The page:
Crikey. And yet today, the gulf between solitude as an idealised state (far from the madding crowd at, say, a boutique wellness retreat seeking greater self awareness and/or spiritual clarity), and loneliness as a coruscating 21st century killer, has never been wider.

We are all susceptible – the old, the young, the bereaved, the isolated care givers, the unhappily partnered, the atomised, the permanently online. And most of all, the poorest.

We forget about the acute loneliness of those whom Bound Alberti calls the “roofless and rootless” – homeless people and refugees. The only thing worse that being lonely inside your four walls is being lonely without the comfort of your four walls: “Loneliness is not merely a mental, but also a physical state… our experience and engagement in the world is always mediated through our bodies as well as the things that define us: from clothes and crockery to cars and carpets, objects give rise to individual and social meanings.” Or as Joni Mitchell put it, “You don’t know what you’ve got till it’s gone.”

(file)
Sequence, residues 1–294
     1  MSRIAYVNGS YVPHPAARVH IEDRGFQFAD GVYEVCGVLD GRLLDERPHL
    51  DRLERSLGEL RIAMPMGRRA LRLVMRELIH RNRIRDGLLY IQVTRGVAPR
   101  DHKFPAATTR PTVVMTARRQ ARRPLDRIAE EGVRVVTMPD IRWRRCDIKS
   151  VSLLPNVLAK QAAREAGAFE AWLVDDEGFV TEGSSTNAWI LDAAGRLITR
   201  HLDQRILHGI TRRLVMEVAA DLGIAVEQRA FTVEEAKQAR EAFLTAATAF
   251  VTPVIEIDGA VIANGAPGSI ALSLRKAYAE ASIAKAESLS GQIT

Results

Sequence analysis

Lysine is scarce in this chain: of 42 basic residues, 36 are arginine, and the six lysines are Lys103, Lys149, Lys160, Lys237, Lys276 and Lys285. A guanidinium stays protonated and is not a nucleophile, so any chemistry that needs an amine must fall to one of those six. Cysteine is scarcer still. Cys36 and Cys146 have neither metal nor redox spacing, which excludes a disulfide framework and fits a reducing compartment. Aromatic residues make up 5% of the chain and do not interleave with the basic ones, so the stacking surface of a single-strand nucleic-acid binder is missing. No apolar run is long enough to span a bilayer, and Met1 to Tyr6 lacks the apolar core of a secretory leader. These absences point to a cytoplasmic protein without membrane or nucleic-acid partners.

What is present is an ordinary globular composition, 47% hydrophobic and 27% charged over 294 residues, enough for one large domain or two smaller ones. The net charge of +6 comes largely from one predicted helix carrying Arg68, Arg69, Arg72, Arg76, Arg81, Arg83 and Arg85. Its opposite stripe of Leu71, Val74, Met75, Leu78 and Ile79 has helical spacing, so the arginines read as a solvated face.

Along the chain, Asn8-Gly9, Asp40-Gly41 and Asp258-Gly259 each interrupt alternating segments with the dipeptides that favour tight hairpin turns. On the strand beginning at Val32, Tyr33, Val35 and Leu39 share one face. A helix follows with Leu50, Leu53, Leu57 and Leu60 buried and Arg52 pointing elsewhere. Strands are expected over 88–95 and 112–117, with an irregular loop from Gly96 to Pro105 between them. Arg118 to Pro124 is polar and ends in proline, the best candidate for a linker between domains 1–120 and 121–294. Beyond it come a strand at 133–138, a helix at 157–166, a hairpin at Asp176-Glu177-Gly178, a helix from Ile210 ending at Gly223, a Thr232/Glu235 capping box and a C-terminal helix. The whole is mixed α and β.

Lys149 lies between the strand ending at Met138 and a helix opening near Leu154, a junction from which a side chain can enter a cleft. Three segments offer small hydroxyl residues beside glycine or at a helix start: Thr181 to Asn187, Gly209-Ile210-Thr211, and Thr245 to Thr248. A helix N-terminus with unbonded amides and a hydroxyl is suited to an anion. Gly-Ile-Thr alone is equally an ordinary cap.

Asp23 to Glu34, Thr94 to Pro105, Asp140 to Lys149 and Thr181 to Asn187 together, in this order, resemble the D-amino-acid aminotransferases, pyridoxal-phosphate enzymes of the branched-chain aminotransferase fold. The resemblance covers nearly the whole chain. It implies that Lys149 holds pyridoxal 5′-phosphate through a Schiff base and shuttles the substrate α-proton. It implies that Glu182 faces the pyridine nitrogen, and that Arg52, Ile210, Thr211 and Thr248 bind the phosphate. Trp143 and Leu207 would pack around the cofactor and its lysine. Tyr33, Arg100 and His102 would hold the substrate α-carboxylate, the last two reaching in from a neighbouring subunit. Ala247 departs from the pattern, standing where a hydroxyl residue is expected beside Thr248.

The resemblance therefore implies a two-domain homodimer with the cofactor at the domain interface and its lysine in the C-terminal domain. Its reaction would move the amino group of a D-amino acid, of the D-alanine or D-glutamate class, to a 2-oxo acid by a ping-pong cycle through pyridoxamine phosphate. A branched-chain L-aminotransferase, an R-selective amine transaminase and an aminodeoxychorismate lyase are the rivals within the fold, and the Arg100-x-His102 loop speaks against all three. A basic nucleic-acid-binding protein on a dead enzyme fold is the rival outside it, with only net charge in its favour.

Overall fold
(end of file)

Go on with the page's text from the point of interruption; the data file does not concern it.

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Much of modern loneliness has to do with how we live: in the 20th century, extended families became nuclear families, and one person households have increased alongside Western economic prosperity. Pre 20th century, one person households numbered around 5pc; by 1950, it was 9pc. Today in cities like London and Stockholm, it’s more than 60pc (Irish one-person households make up 23.5pc of the demographic).

Obviously, living alone does not automatically result in loneliness (remember Sartre’s warning that hell is other people, while Virginia Woolf advocated a room of one’s own) – solitude has long been a luxury, once associated with privileged white men, the Romantic poets being the only ones who could realistically afford to wander lonely as a cloud. But for every 21st century urban professional living their best life in a converted loft space, how many impoverished isolated individuals are there, longing for more human contact? For every Greta Garbo, there is an Eleanor Rigby.